Apparently, it IS rocket science.


  • Discourse touched me in a no-no place

    Did you hear the news about the Proton rocket that crashed into the ground seconds after takeoff a couple weeks ago? They found the culprit: someone--a new guy, apparently--installed a number of sensors wrong. They had "this end up" arrows on them, and yet this genius managed to do that wrong. Further, nobody inspected his work.

    In this case, I guess TRWTF is non-keyed connectors.

    Ninja edit - link: http://www.russianspaceweb.com/proton_glonass49.html



  • To be fair, it is unusual for "this end up" to define "up".



  • IIRC, another rocket, ten or so year ago, had crashed because some part of the driver were assuming metric measure and other imperial mesures. It was not more brillant.



  • Do you mean this one? Another famous crash (Ariane 5) was caused by the overflow of a variable.



  • @FrostCat said:

    They had "this end up" arrows on them
    Conjecture; they were probably installed with those arrows pointing up. The trouble is that they wee installed on a rocket segment which was at that point lying upside down on the construction bench. Nothing looked wrong when they were fitted or inspected, because the segment remained that way up when it was inspected. When the segment was subsequently added to the completed rocket, it was rotated 180° and placed in position, causing the arrows to now point down.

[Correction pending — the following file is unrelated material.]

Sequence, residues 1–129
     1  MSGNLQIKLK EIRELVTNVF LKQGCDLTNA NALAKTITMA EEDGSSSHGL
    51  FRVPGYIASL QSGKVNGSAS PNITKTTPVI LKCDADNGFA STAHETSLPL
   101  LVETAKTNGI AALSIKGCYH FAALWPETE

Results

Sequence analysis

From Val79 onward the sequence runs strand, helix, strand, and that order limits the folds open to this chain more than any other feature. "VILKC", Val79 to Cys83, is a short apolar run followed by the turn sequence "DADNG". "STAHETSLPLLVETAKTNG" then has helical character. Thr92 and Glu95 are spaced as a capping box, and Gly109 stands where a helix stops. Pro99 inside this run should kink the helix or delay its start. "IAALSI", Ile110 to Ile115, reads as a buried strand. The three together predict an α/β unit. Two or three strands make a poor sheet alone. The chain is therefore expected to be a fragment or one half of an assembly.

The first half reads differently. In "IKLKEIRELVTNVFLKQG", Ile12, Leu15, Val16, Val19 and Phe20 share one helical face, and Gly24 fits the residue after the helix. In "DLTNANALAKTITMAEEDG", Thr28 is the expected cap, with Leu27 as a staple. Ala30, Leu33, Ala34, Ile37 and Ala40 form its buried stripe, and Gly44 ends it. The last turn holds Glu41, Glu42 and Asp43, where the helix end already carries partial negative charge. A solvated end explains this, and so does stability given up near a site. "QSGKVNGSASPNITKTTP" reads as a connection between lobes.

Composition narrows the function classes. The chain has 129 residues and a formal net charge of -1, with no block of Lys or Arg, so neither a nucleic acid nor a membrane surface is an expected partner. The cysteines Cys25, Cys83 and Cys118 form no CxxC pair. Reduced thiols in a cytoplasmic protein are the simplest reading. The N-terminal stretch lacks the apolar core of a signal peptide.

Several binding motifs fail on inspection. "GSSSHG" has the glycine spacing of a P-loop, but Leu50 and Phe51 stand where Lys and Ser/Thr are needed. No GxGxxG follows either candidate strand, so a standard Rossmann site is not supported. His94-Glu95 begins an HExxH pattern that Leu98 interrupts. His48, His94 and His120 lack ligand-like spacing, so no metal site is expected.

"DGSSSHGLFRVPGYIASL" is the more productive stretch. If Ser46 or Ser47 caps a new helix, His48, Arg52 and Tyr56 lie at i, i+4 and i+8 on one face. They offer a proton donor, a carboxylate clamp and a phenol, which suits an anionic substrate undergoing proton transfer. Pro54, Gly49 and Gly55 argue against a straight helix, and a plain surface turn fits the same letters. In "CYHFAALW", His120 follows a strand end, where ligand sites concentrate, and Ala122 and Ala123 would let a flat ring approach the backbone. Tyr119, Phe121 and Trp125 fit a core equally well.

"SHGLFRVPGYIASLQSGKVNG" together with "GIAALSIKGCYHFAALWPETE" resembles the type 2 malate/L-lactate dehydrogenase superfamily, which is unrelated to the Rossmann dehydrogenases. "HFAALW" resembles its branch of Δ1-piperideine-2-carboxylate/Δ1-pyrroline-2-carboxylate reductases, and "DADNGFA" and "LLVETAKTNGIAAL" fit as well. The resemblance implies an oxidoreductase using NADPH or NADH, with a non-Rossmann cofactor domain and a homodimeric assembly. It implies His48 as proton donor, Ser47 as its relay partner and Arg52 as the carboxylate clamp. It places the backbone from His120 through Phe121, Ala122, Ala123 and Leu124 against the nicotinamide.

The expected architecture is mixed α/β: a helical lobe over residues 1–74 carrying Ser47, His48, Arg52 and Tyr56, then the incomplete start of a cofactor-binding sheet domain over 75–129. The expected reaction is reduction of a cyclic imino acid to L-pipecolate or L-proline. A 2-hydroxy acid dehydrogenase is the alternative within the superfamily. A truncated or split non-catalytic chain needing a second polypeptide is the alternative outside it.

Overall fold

The solution is to replace "This way up" with "This end points towards the pointy end of the rocket". Or "This way up. And make sure the part you are fitting it onto is the right way up first. Eejit."



  •  In space, there is no up.



  • @dhromed said:

    In space, there is no up.

    Sure there is. Look down at your feet. See them? Okay, up is in the opposite direction.



  • Even if you're sitting and your feet are perpendicular to your head? Space is awesome!



  • @Ronald said:

    Do you mean this one? Another famous crash (Ariane 5) was caused by the overflow of a variable.

    Mariner 1 had to be shot down because one of the algorithms for on-board flight control was given to the programmer with a single missing character.



  • @KillaCoda said:

    Even if you're sitting and your feet are perpendicular to your head? Space is awesome!

    When I sit, my feet are still pointing down.



  • @TarquinWJ said:

    The solution is to replace "This way up" with "This end points towards the pointy end of the rocket". Or "This way up. And make sure the part you are fitting it onto is the right way up first. Eejit."